This is rich! Even with indications of the drug Baclofen for drug and alcohol addiction, AA member and representitive ’Paul’ of YAIG Intergroup states he thinks “NOTHING” can replace the 12 step program. ‘Billy’ of YAIG Intergroup also states alcoholism and drug addiction is a disease.
I thought Bill W. said AA was not the only way to sobriety. Yet this is what AA has evolved into. Anything that threatens AA, loyalists of the group will try and talk down any other way of gaining sobriety. Also AA members are not to speak about alcohol reform etc. Looks like Billy and Paul broke the traditions.
A SHOT AT REDEMPTION
Some experts call tiny pill a miracle drug for addicts
By Jordan Uhl
Damion Thomas said he has been in trouble for most of his life.
Drinking. Drugs. Rehabilitation programs. Slip-ups. More drugs. More trouble. Heroin.
“I lost everything. I haven’t seen my child in two years. My house, my car, my job. I lost trust in my family, my wife. I lost my pride, self-respect,” said the 36-year-old graduate of Community Corrections Association, a Youngstown-based alternative rehabilitation program.
Thomas, who has been serving a two-year sentence for trafficking heroin, said one little white pill that he takes three times every day is what is going to keep him straight for good this time.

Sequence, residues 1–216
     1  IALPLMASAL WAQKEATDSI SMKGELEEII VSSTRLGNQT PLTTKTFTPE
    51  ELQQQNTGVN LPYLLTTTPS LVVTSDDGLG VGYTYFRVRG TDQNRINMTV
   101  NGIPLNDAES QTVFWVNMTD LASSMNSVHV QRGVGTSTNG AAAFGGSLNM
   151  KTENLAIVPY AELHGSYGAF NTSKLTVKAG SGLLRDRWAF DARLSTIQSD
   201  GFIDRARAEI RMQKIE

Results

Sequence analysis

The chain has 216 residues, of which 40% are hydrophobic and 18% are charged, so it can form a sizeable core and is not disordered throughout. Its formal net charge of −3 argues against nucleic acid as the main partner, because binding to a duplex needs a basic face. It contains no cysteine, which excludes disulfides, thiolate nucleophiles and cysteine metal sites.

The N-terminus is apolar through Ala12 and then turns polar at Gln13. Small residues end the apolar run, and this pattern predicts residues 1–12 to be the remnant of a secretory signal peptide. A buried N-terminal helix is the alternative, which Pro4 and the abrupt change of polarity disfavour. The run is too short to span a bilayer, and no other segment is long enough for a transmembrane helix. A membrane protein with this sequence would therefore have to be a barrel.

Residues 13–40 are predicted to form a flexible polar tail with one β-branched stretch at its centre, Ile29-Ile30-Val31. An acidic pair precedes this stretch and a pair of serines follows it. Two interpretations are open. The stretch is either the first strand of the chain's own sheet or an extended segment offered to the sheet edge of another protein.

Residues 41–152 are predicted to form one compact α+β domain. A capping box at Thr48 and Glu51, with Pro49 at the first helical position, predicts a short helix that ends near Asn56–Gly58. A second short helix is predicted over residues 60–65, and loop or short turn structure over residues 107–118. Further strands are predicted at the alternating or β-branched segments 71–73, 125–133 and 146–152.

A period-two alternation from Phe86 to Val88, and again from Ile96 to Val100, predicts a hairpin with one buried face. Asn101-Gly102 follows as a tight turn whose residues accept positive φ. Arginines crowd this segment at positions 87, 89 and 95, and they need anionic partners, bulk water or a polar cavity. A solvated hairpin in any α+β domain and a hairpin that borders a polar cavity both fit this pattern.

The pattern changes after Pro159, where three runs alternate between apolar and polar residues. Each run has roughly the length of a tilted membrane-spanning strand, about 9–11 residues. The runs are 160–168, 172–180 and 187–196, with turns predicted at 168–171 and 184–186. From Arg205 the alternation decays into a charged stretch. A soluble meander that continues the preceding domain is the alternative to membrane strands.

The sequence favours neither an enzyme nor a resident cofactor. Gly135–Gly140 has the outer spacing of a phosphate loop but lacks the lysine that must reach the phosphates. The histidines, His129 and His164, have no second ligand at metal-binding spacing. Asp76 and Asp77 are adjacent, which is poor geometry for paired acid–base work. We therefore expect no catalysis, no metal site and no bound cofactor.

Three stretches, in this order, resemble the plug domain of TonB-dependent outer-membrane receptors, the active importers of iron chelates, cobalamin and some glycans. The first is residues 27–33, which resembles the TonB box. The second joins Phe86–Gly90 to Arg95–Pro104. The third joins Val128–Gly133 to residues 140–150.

In September 2011, Thomas and other inmates of CCA were offered a shot at redemption in the form of a pill some are calling a miracle drug. Baclofen, a muscle relaxant commonly used to treat spasms, is finding its way into substance-abuse recovery programs.
Supporters, such as CCA Director Rick Billak, claim the drug cures addiction by suppressing cravings for drugs and alcohol.
Thomas says that the pill is giving him back his life.
“I’m tired of this lifestyle. I’ve been in trouble for the past 32 years,” Thomas said. “I want to be a productive citizen again.”
Billak said CCA gave the drug to 56 of its residents who asked for it. He said it is being administered on a voluntary basis. There have been 11 relapses among the 56 participants — an 82 percent success rate, Billak said.
The fact that Baclofen promises addiction recovery is part of the reason why those who support such treatment programs as Alcoholics Anonymous are skeptical.
Alcoholics Anonymous and others, who believe in a 12-step program, say there is no cure for alcoholism or drug addiction.
“We’ve got alcoholism over here. It’s a disease. Is that a cure for disease?” said “Billy,” a representative at Youngstown Area Inter Group of Alcoholics Anonymous. Billy refused to give his name because members of AA take a vow of anonymity.
”Paul,” another YAIG representative, said he didn’t think anything could replace a 12-step program.
While AA officials question Baclofen, Billak has his own concerns about the effectiveness of AA.
“The only thing that bothers me about AA is because it’s anonymous, you can’t establish its effectiveness,” Billak said. “It’d be nice if they could do a blind study on the effectiveness of AA and release its results.”
However, Billak said many of CCA’s clients attend AA meetings for support, and couple it with their Baclofen treatment.
“While in [the program] they’re also in our other treatment elements within our facility. We use cognitive behavioral therapy,” Billak said.